The Fed has signaled that it is ready to end its current cycle of rate hikes if it can come up with a political excuse to do so. But with year-over-year CPI inflation still above 6 percent, the Fed is clearly a long way from its arbitrary 2 percent target rate. With this latest CPI report, markets are probably now expecting another 25 basis point rate hike in March.

Nonetheless, until we start to see obvious job losses that cannot be hidden or denied, we should expect to hear plenty from the White House about how “strong” the economy is. Yesterday, Cecilia Rouse of the US Council of Economic Advisers claimed that “these are extraordinary times for America’s economy,” suggesting that the job growth occurring during Biden’s tenure is unparalleled in recent decades. The truth, of course, is that this “job growth” is nothing more than a recovery of jobs that were destroyed by the lockdowns and the covid panic long supported by Biden. In other words, Biden supported breaking the economy’s legs and now wants credit for the fact that those legs have somewhat healed.

In spite of ongoing negative real wage growth, crippling price inflation in rents and home prices, and a notable decline in full-time work, we’ll keep hearing about the strength of the economy. Millions of Americans aren’t exactly feeling prosperous, however. As ABC reported this month, four in ten Americans polled say they are worse off financially since Biden took office. Of course, Biden is hardly the only one to blame. Donald Trump repeatedly called for massive amounts of monetary inflation, complaining on numerous occasions that the Federal Reserve was not inflating the money supply enough. Later, Trump’s record-breaking peacetime government deficits drove even more inflation. We are now living with the consequences of the Trump profligacy. Biden, however, will do nothing to reverse these policies and is thus making inflation and declining real wages part of his own legacy.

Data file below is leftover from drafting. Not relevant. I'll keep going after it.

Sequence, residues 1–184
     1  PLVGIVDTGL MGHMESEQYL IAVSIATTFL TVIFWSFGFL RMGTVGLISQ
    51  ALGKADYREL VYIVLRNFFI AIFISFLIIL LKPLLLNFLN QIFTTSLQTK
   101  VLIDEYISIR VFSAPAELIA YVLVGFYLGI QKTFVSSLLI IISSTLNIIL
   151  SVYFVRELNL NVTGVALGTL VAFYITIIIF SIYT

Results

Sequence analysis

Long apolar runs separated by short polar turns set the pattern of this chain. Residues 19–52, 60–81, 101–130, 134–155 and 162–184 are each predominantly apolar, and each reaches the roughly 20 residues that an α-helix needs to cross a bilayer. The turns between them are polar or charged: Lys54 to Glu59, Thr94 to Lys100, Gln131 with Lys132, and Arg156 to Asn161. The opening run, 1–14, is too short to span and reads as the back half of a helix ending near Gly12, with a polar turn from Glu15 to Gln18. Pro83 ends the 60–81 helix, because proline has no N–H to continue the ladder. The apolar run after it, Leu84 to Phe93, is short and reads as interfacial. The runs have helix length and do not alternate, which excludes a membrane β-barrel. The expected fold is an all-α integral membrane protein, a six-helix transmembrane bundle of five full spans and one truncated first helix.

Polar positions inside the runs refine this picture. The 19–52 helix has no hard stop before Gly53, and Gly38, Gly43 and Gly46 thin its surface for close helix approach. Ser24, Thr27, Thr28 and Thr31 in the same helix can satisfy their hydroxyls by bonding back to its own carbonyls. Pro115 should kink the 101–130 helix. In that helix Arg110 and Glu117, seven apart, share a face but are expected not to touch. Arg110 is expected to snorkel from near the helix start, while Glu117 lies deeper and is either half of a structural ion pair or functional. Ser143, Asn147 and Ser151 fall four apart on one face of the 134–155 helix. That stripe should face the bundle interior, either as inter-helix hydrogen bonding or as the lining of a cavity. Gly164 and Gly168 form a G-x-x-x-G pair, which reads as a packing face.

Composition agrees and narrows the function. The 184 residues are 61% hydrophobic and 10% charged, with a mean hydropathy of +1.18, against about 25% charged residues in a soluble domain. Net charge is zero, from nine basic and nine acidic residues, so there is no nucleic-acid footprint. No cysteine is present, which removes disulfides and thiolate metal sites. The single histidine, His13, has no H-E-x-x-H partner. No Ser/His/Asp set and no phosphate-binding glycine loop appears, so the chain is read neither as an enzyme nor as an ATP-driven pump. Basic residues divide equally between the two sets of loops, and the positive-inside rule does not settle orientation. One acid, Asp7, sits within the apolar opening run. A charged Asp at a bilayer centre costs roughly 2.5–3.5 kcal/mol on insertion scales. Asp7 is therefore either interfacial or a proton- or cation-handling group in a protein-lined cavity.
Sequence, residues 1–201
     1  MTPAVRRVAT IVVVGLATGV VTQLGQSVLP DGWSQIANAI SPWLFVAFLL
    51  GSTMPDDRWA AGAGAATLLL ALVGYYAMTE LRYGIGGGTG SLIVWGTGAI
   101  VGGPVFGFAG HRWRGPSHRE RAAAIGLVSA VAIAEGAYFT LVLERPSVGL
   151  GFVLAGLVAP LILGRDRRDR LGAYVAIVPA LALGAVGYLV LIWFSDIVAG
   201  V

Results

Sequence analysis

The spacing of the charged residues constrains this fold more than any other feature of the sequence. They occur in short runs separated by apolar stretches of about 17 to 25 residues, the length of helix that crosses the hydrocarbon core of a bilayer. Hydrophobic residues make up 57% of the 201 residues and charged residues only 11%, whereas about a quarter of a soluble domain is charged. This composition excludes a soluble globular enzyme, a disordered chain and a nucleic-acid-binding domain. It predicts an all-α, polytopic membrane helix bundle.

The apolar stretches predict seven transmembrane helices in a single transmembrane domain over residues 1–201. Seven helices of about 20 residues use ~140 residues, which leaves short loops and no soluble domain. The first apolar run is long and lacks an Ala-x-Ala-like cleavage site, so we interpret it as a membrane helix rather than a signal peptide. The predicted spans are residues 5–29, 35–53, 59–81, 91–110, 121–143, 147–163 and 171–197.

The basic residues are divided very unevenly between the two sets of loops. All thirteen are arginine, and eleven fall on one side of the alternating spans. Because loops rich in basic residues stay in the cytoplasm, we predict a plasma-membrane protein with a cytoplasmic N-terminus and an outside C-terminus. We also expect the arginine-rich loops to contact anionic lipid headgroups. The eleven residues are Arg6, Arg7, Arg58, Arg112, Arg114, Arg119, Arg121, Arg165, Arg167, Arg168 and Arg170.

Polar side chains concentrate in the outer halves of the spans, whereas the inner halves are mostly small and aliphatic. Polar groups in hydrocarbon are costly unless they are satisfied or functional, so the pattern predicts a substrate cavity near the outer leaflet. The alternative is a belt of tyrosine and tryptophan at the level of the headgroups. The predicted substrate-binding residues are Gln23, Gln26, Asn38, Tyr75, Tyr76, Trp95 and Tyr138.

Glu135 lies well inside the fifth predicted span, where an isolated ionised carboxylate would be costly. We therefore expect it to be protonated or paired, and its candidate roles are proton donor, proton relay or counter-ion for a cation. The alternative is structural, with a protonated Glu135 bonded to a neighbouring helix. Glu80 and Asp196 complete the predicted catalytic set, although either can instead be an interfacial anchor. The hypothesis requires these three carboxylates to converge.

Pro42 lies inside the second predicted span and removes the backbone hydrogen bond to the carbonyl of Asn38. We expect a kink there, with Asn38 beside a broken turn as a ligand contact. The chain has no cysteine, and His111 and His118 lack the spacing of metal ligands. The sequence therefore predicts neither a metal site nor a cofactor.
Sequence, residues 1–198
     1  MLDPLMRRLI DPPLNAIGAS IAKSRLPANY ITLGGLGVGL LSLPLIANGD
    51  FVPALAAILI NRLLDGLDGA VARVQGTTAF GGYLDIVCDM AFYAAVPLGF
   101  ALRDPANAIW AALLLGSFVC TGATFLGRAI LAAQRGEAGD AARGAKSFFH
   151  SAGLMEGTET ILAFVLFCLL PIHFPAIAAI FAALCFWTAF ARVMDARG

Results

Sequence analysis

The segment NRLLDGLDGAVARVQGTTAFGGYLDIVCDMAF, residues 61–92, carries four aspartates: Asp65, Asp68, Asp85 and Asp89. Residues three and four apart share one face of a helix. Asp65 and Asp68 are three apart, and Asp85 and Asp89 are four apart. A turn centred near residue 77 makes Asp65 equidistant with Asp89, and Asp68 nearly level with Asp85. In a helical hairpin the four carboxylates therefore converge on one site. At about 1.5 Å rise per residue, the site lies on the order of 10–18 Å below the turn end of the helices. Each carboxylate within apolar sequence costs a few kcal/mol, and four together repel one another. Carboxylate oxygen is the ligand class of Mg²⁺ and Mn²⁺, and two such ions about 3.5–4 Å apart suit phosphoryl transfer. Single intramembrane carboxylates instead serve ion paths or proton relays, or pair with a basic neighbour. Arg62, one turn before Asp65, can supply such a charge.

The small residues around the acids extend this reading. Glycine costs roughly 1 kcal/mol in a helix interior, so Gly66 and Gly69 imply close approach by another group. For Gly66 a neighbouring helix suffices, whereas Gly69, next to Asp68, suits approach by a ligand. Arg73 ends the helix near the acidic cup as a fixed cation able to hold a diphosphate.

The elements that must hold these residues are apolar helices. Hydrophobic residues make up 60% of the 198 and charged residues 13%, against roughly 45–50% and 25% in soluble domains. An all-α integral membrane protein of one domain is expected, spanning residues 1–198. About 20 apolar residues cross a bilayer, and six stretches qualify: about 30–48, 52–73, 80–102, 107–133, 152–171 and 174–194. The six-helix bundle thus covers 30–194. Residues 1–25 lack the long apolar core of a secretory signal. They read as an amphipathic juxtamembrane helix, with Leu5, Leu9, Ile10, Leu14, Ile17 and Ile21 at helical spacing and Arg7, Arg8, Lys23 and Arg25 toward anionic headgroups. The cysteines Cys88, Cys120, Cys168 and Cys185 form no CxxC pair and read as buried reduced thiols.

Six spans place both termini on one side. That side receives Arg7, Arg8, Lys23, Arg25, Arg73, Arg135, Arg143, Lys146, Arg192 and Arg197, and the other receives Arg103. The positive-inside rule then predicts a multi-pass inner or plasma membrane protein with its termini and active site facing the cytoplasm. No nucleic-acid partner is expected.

Ryan McMaken (@ryanmcmaken) is a senior editor at the Mises Institute. Send him your article submissions for the Mises Wire and Power and Market, but read article guidelines first. Ryan has a bachelor’s degree in economics and a master’s degree in public policy and international relations from the University of Colorado. He was a housing economist for the State of Colorado. He is the author of Breaking Away: The Case of Secession, Radical Decentralization, and Smaller Polities and Commie Cowboys: The Bourgeoisie and the Nation-State in the Western Genre.

This article was originally published in the Mises Wire on Feb 15, 2022, with the title “Food and Shelter Prices Keep Climbing as CPI Growth Hits a Three-Month High”. The views expressed are the author’s, and do not constitute an endorsement by or necessarily represent the views of On Aviation™ or its affiliates.

An Economic Hurricane?

Why is the U.S. economy suddenly deteriorating so rapidly all around us?  Well, the short answer is that this downturn is way overdue.  For years, our leaders tried to cheat the laws of economics.  The Federal Reserve pushed interest rates all the way to the floor, which is something that never would happen in a true free market economy, and they pumped trillions of fresh dollars that they literally created out of thin air into the financial system.  Meanwhile, our politicians in Washington were engaging in the greatest debt binge that the world has ever seen.  All of this reckless manipulation seemed to work for a while, but many of us warned that it would inevitably create a major inflation crisis, and that is precisely what happened.  So now the Fed is aggressively hiking interest rates in a desperate attempt to tame the inflation monster that they helped to create, and higher rates are absolutely crushing economic activity.

At this point, most Americans understand that something has seriously gone wrong, and this is pushing consumer confidence lower.

On Tuesday, we learned that consumer confidence has now fallen for two straight months to start 2023…

U.S. consumer confidence unexpectedly fell for the second straight month in February as Americans’ outlook on the economy tumbled further, showing how persistent inflation is weighing on shoppers amid looming recession fears.

The Conference Board’s latest Consumer Confidence Index released Tuesday declined to 102.9 for this month, slipping from 106.0 in January — which was revised lower. Economists polled by Refinitiv had expected February’s index to tick up to 108.5.

Even more troubling is the fact that Americans seem to be bracing themselves for more economic turbulence as 2023 rolls along.

The Conference Board’s senior director of economics, Ataman Ozyildirim, is warning that U.S. consumers are planning to do far less spending in the months ahead…

“Expectations for where jobs, incomes, and business conditions are headed over the next six months all fell sharply in February,” Ozyildirim reported, noting that “consumers may be showing early signs of pulling back spending in the face of high prices and rising interest rates.”

“Fewer consumers are planning to purchase homes or autos and they also appear to be scaling back plans to buy major appliances,” the economist added. “Vacation intentions also declined in February.”